Challenges Behind Employer Vaccination Mandates
It’s a sad reality that the pandemic has not only taken so many lives but has also created some division in our country. Everyone has their own opinion about everything Covid-related, masks and vaccines included. Some people are excited to get vaccinated, others are hesitant, and for others, it's a hard pass. Now, more and more businesses are mandating vaccines, giving employees two choices: get the vaccine or get a new job. Opinions are all over the spectrum on this topic.
Nothing has been easy since 2020 when Covid-19 rocked the world, and as a country, we are still figuring out how to get back to work, school, and some sort of normalcy. Job vaccination requirements make this more challenging, and here’s why:
Employer Vaccination Mandates May Create A Divisive Workplace
Company culture is so important to efficiency and productivity in a workplace. The way people feel at work and about work is directly linked to how well they perform. People want to work somewhere that feels organized and well-managed, and want to feel like they are a vital part of a team. When employers start vaccination mandates, it immediately creates a division; an us vs. them scenario that is not conducive to creating an inclusive work environment.
Now, people’s private medical decisions come out for everyone to know, and can lead to employees feeling angry, left out, and isolated. Eventually, a vaccine mandate requires employees to make one of two choices: submit to a medical intervention they don’t want or lose their job. This will undoubtedly add to workplace stress and tension, which can lead to increased turnover and decreased productivity.
The Definition Of “Fully Vaccinated” Can Change
There will be many employees who agree to the vaccination mandate to save their job. Some will do it willingly, others will do it as a last resort and a means to keep their job. Either way, what happens when the definition of fully vaccinated shifts? What happens when the CDC and other doctors and medical professionals advise people to take multiple booster shots or recommend/require a yearly shot like the flu?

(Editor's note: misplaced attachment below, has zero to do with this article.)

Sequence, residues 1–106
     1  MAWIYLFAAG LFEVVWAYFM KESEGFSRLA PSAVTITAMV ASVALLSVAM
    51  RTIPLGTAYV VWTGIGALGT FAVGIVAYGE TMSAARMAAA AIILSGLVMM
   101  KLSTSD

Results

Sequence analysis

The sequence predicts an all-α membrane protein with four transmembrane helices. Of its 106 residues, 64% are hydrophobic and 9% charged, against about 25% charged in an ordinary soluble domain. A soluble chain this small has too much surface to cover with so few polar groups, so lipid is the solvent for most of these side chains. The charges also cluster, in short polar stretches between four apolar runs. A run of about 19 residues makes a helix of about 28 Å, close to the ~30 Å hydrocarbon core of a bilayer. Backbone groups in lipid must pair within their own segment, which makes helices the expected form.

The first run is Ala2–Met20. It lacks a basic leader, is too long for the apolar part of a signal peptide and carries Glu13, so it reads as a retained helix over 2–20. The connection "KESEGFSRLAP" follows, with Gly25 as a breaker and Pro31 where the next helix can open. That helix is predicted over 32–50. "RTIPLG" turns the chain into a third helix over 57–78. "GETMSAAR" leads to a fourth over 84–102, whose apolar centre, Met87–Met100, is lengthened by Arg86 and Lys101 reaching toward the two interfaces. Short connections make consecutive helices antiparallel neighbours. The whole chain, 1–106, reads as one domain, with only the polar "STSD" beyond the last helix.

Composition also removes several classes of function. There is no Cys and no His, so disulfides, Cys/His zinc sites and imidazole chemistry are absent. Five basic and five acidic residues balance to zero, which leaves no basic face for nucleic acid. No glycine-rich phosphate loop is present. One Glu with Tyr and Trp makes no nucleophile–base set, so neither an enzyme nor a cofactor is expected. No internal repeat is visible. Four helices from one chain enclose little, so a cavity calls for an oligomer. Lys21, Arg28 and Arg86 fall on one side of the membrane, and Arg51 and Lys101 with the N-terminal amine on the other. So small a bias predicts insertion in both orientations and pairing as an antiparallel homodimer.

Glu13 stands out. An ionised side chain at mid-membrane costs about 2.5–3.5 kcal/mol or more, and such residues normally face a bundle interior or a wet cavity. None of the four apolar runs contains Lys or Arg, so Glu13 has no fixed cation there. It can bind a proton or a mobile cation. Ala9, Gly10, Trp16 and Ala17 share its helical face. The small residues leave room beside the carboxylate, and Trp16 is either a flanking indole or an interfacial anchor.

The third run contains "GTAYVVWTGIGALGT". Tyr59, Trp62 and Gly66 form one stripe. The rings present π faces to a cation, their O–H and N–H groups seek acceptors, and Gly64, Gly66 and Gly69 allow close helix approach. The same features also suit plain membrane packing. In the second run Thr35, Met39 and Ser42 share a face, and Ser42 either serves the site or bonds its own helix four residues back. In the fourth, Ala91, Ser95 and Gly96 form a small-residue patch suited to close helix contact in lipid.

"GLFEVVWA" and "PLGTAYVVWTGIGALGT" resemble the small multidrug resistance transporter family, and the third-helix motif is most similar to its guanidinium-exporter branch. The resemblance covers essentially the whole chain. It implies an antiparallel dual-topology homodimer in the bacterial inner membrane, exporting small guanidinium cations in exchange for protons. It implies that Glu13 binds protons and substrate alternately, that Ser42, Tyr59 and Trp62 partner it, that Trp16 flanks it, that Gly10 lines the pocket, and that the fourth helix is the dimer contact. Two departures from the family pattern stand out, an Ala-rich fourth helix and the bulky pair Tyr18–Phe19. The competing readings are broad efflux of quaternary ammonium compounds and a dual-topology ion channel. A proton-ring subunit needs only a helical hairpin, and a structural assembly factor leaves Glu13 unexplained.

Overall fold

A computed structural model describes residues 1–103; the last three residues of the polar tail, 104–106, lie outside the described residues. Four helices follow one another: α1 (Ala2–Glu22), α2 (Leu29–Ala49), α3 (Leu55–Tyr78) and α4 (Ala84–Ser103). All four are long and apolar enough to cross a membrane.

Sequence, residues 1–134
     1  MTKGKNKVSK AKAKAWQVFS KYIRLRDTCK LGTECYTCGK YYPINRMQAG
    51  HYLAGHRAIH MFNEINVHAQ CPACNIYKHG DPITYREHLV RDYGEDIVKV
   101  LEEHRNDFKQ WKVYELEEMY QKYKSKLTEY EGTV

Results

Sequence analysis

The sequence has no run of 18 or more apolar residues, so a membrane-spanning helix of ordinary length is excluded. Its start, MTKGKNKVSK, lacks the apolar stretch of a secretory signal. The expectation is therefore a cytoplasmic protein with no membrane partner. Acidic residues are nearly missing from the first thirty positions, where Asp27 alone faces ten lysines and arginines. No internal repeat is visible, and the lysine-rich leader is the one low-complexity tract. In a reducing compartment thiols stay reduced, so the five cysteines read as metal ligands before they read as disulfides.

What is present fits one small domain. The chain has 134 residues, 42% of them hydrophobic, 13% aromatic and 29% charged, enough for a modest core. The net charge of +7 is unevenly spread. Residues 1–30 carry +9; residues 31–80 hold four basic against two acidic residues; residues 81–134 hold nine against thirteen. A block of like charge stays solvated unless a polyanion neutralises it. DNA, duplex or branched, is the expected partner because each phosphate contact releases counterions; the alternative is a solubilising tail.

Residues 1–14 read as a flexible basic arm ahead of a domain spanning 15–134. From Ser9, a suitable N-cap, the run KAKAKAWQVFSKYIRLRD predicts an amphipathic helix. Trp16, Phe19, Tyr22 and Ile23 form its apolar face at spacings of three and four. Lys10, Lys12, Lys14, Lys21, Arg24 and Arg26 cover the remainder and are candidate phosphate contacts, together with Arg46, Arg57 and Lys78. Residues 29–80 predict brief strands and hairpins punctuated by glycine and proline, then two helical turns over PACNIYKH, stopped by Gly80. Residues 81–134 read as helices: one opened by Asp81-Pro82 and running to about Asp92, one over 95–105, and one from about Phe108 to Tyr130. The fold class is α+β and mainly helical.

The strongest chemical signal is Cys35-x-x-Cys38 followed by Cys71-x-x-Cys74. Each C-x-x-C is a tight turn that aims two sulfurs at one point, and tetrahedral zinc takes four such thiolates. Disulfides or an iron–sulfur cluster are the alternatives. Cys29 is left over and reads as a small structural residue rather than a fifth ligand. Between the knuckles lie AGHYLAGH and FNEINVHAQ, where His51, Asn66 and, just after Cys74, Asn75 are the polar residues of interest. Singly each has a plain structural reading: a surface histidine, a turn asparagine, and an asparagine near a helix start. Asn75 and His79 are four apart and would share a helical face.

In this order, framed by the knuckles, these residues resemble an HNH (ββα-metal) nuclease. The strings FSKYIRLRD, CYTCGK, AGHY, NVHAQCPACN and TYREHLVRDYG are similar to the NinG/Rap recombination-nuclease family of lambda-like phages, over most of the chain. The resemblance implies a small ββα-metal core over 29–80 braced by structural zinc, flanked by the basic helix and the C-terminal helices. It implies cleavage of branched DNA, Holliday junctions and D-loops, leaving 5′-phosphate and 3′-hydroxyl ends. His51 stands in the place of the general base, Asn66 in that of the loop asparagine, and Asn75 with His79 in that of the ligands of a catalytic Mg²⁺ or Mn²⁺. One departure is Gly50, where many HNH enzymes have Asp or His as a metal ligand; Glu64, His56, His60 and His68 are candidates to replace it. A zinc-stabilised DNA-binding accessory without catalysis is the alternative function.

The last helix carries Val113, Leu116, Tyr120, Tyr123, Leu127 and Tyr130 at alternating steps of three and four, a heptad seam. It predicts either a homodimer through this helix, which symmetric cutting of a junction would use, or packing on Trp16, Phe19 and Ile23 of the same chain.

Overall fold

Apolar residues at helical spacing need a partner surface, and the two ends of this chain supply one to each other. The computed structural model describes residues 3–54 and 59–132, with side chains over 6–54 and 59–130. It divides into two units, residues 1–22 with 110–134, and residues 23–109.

Employees may feel like once they decide to get the initial vaccine, that they have no say in how many other shots or medical interventions they must receive to keep their jobs. For many, this can feel like an overreach with no definitive end. We are learning more about Covid-19 every day, even years after the initial outbreak. How will what we learn in the next two years change the way people are vaccinated? And should employers get to have the final say in these decisions?
What About Religious or Health Exemptions For Vaccine Mandates?
Traditionally, employers have had very little (if any) say in what employees do from a medical standpoint. Employees have been free to decline medical treatment that goes against their religious or ethical beliefs without being a target or risking their jobs. Some people have had serious reactions to previous vaccines and are unwilling and/or unable to receive a vaccine without risking their health. People with pre-existing conditions may not be able to receive the vaccine, and pregnant women may wish to decline this type of medical intervention during pregnancy. Pre-covid, these health decisions were between the employees and his/her doctor or faith leader. Now, employers that enforce job vaccination requirements are requiring employees to choose between their job and their faith, or their job and their current health. For many, this is an impossible situation that puts both the employee and employer in a difficult position.
Employees May Quit Due To A Vaccine Mandate
At the end of the day, an employer-mandated vaccine will cause people to quit. It will cause companies who are already struggling with a labor shortage to lose more valuable employees and cause the remaining employees to burn out. It could have an immediate impact on productivity in the workplace, which will trickle down to customer service and eventually lead to businesses having to shut down for good. Employers that make their employees choose between their job and their personal medical decisions will find that a majority of their employees will choose the latter.
These workplace vacancies will require employers to quickly find new workers, and many will turn to staffing agencies to help pick up the slack. They’ll use professional staffing agencies and their extensive network of qualified laborers to fill in the gaps and attempt to keep their businesses afloat. This could be good news for fully vaccinated job seekers looking for work and that don’t mind the mandates, and can help employers find and train qualified workers that have the potential to turn into long-term employees.
It’s no secret that Los Angeles and the surrounding cities are still recovering from a year of shutting down businesses and labor shortages. Vaccine mandates have already caused an uproar in many of California’s biggest industries and may add more challenges to an already struggling economy. Whether you’re a business in the Los Angeles area or a local looking for work, reaching out to a staffing agency may be the next right step to help you navigate the post-Covid workforce.